W.P. Carey exiting the nontraded REIT business

With regulations and other factors changing the marketplace, the publicly traded REIT will focus on its core business in the net lease market

Jun 16, 2017 @ 4:28 pm

By Bruce Kelly

+ Zoom

W.P. Carey Inc., one of the companies instrumental in the evolution of the nontraded real estate investment trust business, is pulling out of the nontraded REIT market.

The company will continue to manage its current nontraded REITs and other investment programs, but will no longer sell new nontraded REITs, according to a filing with the Securities and Exchange Commission.

W.P. Carey is a large listed REIT with a $7.2 billion market capitalization. Managing and selling smaller nontraded REITs through independent broker-dealers was one of its other businesses.

"It's extremely concerning anytime a successful asset manager leaves the business of providing investors access to a viable asset class who otherwise have limited access to such assets," said Mike Kell, vice president, program management and business development, AI Insight Inc. "This seems to be another example of the unintended consequences of the regulatory environment we are experiencing. However, it's also interesting to see the dynamic shift between certain managers. Blackstone is entering the marketplace while others, like W.P. Carey, are departing."

Sales of nontraded REITs have fallen sharply since 2013, when the industry raised close to $20 billion. Sales have been declining steadily ever since. In 2015, the industry raised nearly $10 billion in equity. That declined to $4.5 billion in 2016, according to Robert A. Stanger & Co. Inc., an investment bank.

New industry rules that made fees and commissions more transparent are one reason for the decline. And the Department of Labor's new fiduciary rule has pushed broker-dealers to sell nontraded REIT share classes that do not offer the juicy 7% sales commissions attached to the standard nontraded REIT A share.

W.P. Carey has raised $5.5 billion in equity from investors since 2010, according to Stanger. But fund raising the past few years has stalled, falling to $274 million so far in 2017, slightly better on a monthly basis than a year earlier but a far cry from its peak of $1.5 billion in 2014.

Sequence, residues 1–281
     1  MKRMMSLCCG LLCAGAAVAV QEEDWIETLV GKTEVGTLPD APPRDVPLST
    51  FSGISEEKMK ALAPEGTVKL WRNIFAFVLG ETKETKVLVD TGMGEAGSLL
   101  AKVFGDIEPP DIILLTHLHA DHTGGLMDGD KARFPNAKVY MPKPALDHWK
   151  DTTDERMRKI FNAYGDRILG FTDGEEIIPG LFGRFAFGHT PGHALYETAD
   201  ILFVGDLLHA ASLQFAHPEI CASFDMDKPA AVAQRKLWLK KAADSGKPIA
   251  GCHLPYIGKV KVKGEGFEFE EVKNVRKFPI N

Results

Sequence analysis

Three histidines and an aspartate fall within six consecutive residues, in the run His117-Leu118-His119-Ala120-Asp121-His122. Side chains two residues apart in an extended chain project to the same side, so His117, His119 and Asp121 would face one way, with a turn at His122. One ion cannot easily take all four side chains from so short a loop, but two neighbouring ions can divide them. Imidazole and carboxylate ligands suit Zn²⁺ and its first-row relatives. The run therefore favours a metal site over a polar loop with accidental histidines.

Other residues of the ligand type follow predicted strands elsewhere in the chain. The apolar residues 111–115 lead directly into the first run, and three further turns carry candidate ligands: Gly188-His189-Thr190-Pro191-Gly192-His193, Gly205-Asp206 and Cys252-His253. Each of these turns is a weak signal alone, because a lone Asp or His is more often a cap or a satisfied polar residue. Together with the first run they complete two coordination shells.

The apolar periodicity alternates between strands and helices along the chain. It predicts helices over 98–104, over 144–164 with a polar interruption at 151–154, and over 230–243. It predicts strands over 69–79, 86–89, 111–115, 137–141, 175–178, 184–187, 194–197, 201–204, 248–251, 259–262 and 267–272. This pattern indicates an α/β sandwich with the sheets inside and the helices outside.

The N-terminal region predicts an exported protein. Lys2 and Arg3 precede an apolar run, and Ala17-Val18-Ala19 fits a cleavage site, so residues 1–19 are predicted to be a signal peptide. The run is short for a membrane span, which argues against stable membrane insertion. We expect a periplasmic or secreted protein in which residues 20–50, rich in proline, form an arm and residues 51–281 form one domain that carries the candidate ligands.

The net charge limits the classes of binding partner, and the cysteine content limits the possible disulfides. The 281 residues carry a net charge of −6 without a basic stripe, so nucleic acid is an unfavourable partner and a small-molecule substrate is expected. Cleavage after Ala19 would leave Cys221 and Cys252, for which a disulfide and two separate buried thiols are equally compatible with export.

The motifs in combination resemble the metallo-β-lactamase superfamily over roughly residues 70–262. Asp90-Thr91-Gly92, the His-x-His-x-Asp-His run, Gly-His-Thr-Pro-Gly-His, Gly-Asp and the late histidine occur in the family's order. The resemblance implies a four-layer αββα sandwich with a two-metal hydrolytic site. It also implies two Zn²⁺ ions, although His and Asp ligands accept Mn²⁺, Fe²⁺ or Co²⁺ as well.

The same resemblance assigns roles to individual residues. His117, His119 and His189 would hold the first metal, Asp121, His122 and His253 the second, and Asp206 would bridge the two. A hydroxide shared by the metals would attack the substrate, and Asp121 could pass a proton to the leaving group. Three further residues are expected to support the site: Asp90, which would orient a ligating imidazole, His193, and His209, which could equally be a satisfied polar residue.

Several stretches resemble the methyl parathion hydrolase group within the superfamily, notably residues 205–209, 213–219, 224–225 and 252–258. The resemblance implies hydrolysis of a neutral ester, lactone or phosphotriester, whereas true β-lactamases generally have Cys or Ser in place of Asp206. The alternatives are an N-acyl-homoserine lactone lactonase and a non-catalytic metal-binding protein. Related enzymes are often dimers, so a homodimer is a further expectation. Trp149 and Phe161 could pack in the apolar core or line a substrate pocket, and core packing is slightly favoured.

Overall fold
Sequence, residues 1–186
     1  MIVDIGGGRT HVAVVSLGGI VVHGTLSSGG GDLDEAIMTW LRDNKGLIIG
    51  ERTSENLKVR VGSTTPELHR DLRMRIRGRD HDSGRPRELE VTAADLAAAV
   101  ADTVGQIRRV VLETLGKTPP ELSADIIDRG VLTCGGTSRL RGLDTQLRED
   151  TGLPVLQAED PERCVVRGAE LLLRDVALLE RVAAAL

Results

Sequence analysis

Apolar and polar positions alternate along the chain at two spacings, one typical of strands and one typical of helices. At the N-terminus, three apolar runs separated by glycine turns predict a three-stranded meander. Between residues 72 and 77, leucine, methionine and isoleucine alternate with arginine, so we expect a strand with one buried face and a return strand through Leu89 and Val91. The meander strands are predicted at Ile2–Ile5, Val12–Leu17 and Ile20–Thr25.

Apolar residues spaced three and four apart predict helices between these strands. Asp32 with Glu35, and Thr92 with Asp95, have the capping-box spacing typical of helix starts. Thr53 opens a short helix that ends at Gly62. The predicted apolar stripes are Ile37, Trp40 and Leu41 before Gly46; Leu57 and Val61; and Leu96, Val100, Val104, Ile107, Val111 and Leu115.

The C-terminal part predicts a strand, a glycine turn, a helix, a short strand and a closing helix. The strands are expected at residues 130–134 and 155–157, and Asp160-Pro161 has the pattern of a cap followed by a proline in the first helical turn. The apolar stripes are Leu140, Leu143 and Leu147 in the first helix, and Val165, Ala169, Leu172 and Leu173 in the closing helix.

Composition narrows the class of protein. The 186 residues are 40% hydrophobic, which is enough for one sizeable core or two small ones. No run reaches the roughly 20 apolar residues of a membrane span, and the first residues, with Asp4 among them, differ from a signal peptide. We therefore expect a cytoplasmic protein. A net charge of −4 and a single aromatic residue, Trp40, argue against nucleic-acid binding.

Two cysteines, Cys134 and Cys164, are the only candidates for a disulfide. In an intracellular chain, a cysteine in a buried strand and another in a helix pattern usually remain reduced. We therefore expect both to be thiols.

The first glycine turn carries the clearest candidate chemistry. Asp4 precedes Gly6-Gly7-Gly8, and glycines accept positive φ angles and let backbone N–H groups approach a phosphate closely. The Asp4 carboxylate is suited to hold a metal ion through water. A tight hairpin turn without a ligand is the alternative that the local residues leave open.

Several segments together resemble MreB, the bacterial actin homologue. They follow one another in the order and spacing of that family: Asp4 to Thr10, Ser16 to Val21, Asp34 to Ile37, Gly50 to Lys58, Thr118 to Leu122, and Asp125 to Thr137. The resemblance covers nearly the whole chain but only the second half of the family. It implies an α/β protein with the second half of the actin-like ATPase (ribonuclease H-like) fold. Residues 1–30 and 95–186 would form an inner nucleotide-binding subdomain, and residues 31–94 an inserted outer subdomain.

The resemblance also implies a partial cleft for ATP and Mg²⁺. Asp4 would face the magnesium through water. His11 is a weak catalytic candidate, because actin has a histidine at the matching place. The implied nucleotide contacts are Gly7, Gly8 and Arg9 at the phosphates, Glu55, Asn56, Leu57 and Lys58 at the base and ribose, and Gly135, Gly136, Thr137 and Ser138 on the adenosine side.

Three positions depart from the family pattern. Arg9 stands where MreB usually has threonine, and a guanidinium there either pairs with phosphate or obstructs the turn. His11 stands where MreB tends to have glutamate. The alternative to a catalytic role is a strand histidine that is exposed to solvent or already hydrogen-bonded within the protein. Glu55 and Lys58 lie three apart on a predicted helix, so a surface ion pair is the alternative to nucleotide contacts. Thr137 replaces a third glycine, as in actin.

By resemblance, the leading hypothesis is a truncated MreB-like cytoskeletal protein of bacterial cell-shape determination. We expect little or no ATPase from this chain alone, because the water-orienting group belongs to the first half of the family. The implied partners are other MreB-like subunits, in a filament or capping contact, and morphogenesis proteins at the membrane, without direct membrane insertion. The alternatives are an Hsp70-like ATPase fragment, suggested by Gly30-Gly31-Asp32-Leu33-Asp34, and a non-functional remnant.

In a filing with the Securities and Exchange Commission, W.P. Carey said its board had approved a plan to exit all nontraded REIT retail fund raising carried out by Carey Financial, its wholesaling broker-dealer. The move was "in keeping with the company's long-term strategy of focusing exclusively on net lease investing for its balance sheet," according to the filing.

The company expects a non-recurring $10 million charge, primarily severance, to exit the wholesaling business.

The company had been considering a breakup since 2015.

"As regulations and other factors have led to significant changes to investment structures and fees, it became more clear to us as we worked to develop new investment funds, such as CPA:19 – Global, that the types of investments that would satisfy liquidity and leverage requirements and the time and scale required to reach profitability did not align well with our core investment expertise," wrote Mark J. DeCesaris, Carey's CEO, in a note to advisers. "As a publicly traded REIT, we determined that focusing our efforts and resources on growing our owned net lease portfolio would best support W. P. Carey's long-term strategic objectives."

Kevin Gannon, managing director at Stanger, said W.P. Carey "has been a leader in the nontraded REIT investment community for over 40 years and has served as the gold standard in terms of both investment performance and treating investors fairly and right. I suspect that exiting the nontraded REIT space at this time was a difficult decision for the senior management team and board of directors, given the extraordinary legacy and success in this business."

0
Comments

What do you think?

View comments

Recommended for you

Sponsored financial news

Upcoming Event

Sep 26

Webcast

Investing 2017: Industry at a Crossroads

The advice industry is at a unique inflection point, as the way clients are investing has changed dramatically: Technology has evolved, access to innovative products has changed, and the active vs. passive debate continues to rage on. Advisers... Learn more

Featured video

INTV

How litigation has changed the 401(k) market

Deputy Editor Bob Hordt discusses the lasting impact that a flood of lawsuits brought against major companies and their 401(k) plans has had for people serving the retirement market.

Video Spotlight

Are Your Clients Prepared For Market Downturns?

Sponsored by Prudential

Recommended Video

Path to growth

Latest news & opinion

Jerry Schlichter's fee lawsuits have left an indelible mark on the 401(k) industry

After a decade of litigation, fees are lower and retirement plans are more transparent. But have the lawsuits gone too far?

10 best financial adviser jokes

How many financial advisers does it take to screw in a lightbulb?

With margins crashing, broker-dealers look to merge: report

Increased regulation is straining profit margins among broker-dealers, sending many of them into the arms of their bigger brethren.

Hackers may have profited from SEC breach

The hack of the agency's Edgar filing system occurred in 2016, but the regulator didn't conclude until last month that the cybercriminals may have used their bounty to make illicit trades.

Top 10 financial firms ranked by investor satisfaction

Find out which firm took the top slot for overall investor satisfaction for the second year in a row.

X

Subscribe and Save 60%

Premium Access
Print + Digital

Learn more
Subscribe to Print